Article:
January 25th - Beer Tasting with Bluegrass Brewing Company - 5:00 pm - 8:00 pm
Join us for a very special beer tasting as we host David Pierce, brewmaster for Bluegrass Brewing Company (Main and Clay location) and a lineup of their excellent brews on January 25th from 5 - 8 PM.
Here is what we’ll taste:
American Pale Ale
Hell For Certain Belgian-style Ale
Nut Brown Ale
Dark Star Porter
Bearded Pat's Barley Wine
Jefferson Reserve Bourbon-Barrel Stout
There is also a chance that BBC will be bringing their newest creation, an American-style India Pale Ale called Dank IPA.
Monday, January 22, 2007
In Belgium, that is.
In mid-February, my pal Kevin “Moose” Richards and I are jetting to balmy Benelux for a very brief seven days (two fewer for Moose, who must return to the shop).
The stated occasion is my friend Boris’s 50th birthday party, a milestone of considerable high magnitude in the Netherlands region, and the convenient pretext (if one were needed) for an epic party that will be held in the transplanted Englishman’s Haarlem local, Café Briljant. Among others expected to be in attendance is Kim Andersen, whose colorful globetrotting exploits are recounted here on occasion.
All this came about because of surplus frequent flier miles, so in that sense it has worked out as planned, but much of the rest of the preparation has been downright frustrating.
At first, Moose and I spoke of spending the first three days in Cologne with Kim, who will be in the process of moving his residence to the home of Kolsch during the same period. After much deliberation, and considering that the actual delivery of household items is likely to be occurring in mid-February, we decided against it. He’d be busy enough without us tempting him with strong drink.
Instead, we elected to begin the trip with a three-day pub crawl through selected top beer spots in Belgium, using a shared Benelux 2nd-class rail pass that I subsequently learned has escalated in price beyond my hopes, although it’s still a good deal considering the trips we look to be making. I think.
Upon commencing research, I quickly learned that all three of the destinations we were most interesting in visiting – Brugs Beertje specialty cafe (Brugge), Drie Fonteinen lambic brewery, blending house and restaurant (Beersel) and the Hotel Palace beer café (Poperinge), are closed for business on Wednesday.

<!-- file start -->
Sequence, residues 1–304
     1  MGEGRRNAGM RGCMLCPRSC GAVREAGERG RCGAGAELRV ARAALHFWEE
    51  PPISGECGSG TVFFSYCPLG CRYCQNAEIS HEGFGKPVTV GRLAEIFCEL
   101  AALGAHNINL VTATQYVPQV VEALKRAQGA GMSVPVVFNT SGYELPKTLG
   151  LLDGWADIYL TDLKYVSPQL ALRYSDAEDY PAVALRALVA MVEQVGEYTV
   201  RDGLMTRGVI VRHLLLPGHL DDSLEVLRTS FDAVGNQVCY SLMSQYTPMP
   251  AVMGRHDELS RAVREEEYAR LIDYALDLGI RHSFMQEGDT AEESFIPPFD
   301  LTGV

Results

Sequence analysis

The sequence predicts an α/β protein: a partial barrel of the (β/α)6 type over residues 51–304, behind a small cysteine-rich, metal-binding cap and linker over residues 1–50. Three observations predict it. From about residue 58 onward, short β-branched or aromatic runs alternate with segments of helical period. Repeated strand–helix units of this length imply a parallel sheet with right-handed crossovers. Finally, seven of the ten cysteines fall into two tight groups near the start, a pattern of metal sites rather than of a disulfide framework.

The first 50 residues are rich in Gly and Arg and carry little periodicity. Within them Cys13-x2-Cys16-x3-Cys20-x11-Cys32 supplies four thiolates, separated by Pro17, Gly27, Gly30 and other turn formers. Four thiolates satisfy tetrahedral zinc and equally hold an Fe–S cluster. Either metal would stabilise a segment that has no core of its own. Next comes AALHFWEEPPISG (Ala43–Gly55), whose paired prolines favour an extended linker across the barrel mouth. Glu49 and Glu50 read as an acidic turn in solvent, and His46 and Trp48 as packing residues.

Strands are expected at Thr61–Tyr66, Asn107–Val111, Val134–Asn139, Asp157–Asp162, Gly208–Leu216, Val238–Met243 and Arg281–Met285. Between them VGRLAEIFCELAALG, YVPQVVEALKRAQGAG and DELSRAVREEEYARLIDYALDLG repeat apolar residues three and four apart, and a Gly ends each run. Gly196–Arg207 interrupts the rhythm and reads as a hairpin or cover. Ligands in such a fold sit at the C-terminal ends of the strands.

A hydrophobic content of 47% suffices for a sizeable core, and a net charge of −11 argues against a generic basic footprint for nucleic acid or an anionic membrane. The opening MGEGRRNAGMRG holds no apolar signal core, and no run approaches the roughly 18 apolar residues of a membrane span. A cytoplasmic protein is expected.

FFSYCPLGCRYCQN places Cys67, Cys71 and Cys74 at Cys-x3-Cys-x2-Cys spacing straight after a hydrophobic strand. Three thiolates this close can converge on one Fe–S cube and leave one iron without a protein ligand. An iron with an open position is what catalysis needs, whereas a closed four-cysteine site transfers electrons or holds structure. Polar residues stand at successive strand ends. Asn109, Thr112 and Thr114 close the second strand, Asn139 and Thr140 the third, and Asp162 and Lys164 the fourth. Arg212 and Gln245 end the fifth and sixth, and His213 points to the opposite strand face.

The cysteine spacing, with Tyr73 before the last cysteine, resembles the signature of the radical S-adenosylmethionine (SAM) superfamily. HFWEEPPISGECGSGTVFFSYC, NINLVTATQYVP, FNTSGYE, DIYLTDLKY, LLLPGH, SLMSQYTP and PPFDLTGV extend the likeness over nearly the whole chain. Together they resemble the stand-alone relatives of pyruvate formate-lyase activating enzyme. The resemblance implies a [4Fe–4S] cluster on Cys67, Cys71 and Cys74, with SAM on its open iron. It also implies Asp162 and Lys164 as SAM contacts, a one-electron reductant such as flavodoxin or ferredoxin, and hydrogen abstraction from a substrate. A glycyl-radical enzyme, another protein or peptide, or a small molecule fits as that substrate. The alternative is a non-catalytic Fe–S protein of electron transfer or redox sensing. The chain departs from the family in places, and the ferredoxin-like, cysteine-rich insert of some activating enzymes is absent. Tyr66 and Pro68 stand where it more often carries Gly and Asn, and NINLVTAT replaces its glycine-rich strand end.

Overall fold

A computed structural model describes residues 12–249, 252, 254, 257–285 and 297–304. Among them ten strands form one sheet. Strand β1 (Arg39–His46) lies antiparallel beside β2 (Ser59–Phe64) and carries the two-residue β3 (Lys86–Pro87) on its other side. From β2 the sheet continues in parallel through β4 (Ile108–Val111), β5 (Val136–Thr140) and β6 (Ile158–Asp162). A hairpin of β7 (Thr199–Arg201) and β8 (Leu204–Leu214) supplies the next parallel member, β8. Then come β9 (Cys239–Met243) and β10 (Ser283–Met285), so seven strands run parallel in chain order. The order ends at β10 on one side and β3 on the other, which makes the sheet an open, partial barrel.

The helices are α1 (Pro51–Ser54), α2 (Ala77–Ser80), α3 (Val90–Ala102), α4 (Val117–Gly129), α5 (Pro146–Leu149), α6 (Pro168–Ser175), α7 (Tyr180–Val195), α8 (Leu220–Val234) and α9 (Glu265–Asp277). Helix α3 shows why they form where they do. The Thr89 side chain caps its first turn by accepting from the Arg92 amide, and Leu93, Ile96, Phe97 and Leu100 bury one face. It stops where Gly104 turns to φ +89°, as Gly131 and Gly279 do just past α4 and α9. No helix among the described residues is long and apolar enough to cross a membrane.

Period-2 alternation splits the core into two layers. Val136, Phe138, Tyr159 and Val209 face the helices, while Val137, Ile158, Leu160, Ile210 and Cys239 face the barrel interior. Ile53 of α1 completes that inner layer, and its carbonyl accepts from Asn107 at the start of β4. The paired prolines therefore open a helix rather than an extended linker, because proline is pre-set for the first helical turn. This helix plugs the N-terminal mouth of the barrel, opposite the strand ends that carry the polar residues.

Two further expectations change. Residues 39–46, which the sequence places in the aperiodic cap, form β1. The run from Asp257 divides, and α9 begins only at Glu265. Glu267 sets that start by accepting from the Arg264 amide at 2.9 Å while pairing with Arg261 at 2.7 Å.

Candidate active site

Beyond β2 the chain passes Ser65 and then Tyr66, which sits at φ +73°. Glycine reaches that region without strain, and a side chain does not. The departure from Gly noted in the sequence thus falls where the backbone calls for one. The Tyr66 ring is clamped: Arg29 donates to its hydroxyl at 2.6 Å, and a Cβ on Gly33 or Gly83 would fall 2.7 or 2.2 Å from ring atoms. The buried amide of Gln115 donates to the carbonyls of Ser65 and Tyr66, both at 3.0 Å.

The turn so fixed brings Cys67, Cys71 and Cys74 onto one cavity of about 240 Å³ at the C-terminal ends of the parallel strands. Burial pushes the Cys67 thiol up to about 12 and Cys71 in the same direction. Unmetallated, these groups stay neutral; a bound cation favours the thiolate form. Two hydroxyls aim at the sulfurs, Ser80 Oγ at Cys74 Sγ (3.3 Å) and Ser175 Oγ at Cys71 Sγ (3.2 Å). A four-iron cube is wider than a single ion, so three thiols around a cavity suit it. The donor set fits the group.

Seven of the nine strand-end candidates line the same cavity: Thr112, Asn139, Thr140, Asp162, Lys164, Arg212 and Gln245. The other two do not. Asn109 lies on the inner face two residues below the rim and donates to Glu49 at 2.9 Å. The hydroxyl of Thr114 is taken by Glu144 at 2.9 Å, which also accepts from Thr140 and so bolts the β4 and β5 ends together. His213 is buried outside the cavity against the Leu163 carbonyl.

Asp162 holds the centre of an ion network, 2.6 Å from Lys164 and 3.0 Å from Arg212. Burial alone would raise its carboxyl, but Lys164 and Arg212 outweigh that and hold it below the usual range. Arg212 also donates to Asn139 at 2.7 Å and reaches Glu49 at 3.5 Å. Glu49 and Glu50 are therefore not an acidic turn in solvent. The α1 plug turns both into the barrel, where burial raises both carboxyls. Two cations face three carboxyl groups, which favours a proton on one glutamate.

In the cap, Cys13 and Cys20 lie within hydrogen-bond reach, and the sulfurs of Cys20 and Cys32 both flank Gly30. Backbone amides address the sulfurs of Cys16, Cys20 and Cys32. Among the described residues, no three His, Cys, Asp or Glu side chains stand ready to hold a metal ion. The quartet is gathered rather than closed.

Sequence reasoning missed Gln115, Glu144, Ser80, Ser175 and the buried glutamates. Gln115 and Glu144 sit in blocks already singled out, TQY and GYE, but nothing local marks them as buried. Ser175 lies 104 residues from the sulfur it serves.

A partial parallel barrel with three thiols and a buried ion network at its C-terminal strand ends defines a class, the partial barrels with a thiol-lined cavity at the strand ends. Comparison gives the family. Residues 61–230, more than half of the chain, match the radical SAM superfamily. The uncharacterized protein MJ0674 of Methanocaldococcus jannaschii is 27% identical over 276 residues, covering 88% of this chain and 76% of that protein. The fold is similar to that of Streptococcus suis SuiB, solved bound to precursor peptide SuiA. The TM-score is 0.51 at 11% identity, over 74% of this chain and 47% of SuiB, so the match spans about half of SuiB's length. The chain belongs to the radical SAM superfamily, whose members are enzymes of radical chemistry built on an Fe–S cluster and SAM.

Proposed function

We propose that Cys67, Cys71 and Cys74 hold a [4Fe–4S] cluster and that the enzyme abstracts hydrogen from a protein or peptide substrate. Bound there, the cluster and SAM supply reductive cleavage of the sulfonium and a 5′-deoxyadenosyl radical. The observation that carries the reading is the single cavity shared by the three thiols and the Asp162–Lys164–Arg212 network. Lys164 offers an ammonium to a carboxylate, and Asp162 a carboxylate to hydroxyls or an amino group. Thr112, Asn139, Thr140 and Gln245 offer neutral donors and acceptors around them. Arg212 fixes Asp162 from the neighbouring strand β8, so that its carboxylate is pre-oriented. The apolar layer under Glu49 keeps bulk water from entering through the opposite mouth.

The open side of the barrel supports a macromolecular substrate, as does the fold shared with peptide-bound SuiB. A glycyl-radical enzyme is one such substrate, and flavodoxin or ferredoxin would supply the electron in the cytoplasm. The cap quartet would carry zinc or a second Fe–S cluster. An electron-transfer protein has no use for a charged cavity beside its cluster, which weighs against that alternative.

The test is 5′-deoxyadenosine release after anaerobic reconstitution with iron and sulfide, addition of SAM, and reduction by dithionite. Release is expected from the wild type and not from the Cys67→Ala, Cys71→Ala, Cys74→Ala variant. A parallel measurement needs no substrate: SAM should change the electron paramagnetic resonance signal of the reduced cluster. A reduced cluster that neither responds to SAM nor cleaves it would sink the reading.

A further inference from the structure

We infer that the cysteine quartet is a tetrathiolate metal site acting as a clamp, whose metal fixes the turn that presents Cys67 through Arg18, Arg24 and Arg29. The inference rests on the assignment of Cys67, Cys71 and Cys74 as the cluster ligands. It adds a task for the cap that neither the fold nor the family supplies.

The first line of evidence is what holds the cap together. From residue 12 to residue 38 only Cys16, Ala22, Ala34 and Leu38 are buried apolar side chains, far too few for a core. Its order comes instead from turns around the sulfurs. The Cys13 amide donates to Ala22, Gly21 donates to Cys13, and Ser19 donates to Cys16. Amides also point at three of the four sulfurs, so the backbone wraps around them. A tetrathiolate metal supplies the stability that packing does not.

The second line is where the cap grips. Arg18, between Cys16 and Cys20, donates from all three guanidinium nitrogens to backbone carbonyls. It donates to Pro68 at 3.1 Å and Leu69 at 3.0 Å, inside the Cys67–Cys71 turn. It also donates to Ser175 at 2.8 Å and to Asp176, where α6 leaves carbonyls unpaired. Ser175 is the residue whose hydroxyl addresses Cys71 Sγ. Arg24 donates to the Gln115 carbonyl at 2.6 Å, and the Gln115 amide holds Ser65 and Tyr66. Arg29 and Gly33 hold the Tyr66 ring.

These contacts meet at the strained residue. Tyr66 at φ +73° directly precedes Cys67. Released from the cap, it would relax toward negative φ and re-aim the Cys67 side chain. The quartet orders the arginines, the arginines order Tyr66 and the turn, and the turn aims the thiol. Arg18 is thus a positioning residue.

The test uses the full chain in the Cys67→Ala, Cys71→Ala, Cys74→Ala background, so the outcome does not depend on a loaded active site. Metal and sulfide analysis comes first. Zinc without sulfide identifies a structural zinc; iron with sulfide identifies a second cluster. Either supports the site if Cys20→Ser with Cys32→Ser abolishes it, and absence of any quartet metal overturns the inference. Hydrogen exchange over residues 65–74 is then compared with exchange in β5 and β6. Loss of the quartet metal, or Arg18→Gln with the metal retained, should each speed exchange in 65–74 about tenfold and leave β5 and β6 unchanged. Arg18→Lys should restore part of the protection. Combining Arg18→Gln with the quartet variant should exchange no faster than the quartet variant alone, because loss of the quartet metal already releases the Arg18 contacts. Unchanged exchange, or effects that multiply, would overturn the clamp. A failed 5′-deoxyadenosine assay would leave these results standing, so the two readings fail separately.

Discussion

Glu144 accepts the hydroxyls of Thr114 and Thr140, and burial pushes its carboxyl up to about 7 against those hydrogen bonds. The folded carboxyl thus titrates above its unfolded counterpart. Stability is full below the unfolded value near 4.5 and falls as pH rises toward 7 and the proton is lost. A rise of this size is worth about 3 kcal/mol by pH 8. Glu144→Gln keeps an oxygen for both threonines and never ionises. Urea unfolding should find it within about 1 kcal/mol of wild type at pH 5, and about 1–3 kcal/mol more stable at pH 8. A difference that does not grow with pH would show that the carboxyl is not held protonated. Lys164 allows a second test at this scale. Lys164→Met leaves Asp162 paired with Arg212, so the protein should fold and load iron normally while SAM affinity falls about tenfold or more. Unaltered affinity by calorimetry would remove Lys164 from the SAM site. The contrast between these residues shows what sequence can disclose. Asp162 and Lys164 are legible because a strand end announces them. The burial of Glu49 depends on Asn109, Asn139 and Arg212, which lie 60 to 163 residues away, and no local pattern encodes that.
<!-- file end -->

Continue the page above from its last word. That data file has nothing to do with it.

Given that our available evenings are on Tuesday, Wednesday and Thursday, with Haarlem reserved for Friday and Saturday, and the hoped-for spots too far apart to visit more rapidly than one drink-off and sleep-in per day, one destination had to be eliminated from consideration. We decided it would be Drie Fonteinen, seeing as Beersel’s not so easy to reach by public transportation.
Accordingly, I e-mailed the Palace in Poperinge, and strangely, there was no response. Next I faxed both the hotel and our friend Luc, who is the town’s tourist chieftain. He responded this morning with news that Guy and Beatrijs have sold the cherished hotel/restaurant/café heirloom to another local businessman, and we may or may not get to see them. On a more favorable note, Luc indicated that he’d be happy to meet us on Thursday for drinks, though he didn’t say where.
Brugge on Tuesday and Poperinge on Thursday, with somewhere else in between … good enough.
I then took a quick glance in the most recent edition of Tim Webb’s guide to Belgian beer and brewing and reconfirmed that Brugs Beertje is closed on Wednesday, proceeding directly to the website of the Hotel Erasmus, our preferred choice of lodging in Brugge. There I learned that the Erasmus, which includes a fine beer-cuisine restaurant and specialty café, is closed for remodeling through March 1.
Annoyed, I checked the Ibis chain hotel web site and snagged a cheap, no-cancellation, no-adjustment, off-season room rate for Tuesday, paid for it with Am-Ex, then within minutes learned via a return e-mail from Daisy, the delightful owner of the Beertje, that her world famous café now is closed an extra day each week.
That’d be Tuesday.
So far, the fruits of my labor today have netted me this: Starting with three beer shrines where I’d have liked to imbibe, now there’s no chance of visiting two of them, and only a slight chance at the third, as we’ve yet to determine if it’s open at all during the transition, and if it is, whether we’ll even be able to connect with the great people who were the primary reason for going, along with Luc.
At this rate, we may end up on Luc’s couch.
Another friend, Tim “Flyboy” Eads, had planned on coming into Poperinge on Wednesday night from Cologne, where he’ll be on a brief layover. Now, standing in the rubble of my hopes, I believe we should find the best beer bar in Belgium that’s open on Wednesday (if any) and accessible by rail (Antwerp?), arrange to go there, and be damned happy that I can make such a journey, even if there are pitfalls along the way.
I’ll keep you posted. Already a scheme is coming together …
Sunday, January 21, 2007
Watching the international brewing players -- even the smaller ones, and even the "better" ones -- shuffle portfolios, mergers and acquisitions can be like eying a streetcorner shell game and trying to guess where the ball (or the beer) went.
Maredsous and Rodenbach are coming to Indiana in about the same timeframe. Duvel USA has now released those products for Indiana , but it will likely be a while before the supply chain catches up to that release. Previously, many Duvel USA products were tied up in other distribution arrangements that Duvel had no direct control over, but that is now changing. Maredsous and Rodenbach should both be available in draught as well as bottles.